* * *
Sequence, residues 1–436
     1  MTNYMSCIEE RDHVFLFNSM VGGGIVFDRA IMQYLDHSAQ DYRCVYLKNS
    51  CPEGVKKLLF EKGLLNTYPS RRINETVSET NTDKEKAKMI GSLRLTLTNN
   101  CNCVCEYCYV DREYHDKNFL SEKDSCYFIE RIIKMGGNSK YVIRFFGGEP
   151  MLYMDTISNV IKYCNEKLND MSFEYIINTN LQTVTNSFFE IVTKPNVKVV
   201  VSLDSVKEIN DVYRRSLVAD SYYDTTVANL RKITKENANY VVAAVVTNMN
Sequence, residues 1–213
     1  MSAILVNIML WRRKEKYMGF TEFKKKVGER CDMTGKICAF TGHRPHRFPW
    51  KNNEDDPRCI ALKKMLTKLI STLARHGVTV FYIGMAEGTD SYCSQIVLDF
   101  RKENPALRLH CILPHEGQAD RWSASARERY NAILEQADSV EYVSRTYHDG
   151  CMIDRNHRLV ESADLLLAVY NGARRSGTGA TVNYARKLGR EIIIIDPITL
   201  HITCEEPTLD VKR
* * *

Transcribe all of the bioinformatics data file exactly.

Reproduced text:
Sequence, residues 1–436
     1  MTNYMSCIEE RDHVFLFNSM VGGGIVFDRA IMQYLDHSAQ DYRCVYLKNS
    51  CPEGVKKLLF EKGLLNTYPS RRINETVSET NTDKEKAKMI GSLRLTLTNN
   101  CNCVCEYCYV DREYHDKNFL SEKDSCYFIE RIIKMGGNSK YVIRFFGGEP
   151  MLYMDTISNV IKYCNEKLND MSFEYIINTN LQTVTNSFFE IVTKPNVKVV
   201  VSLDSVKEIN DVYRRSLVAD SYYDTTVANL RKITKENANY VVAAVVTNMN
Sequence, residues 1–213
     1  MSAILVNIML WRRKEKYMGF TEFKKKVGER CDMTGKICAF TGHRPHRFPW
    51  KNNEDDPRCI ALKKMLTKLI STLARHGVTV FYIGMAEGTD SYCSQIVLDF
   101  RKENPALRLH CILPHEGQAD RWSASARERY NAILEQADSV EYVSRTYHDG
   151  CMIDRNHRLV ESADLLLAVY NGARRSGTGA TVNYARKLGR EIIIIDPITL
   201  HITCEEPTLD VKR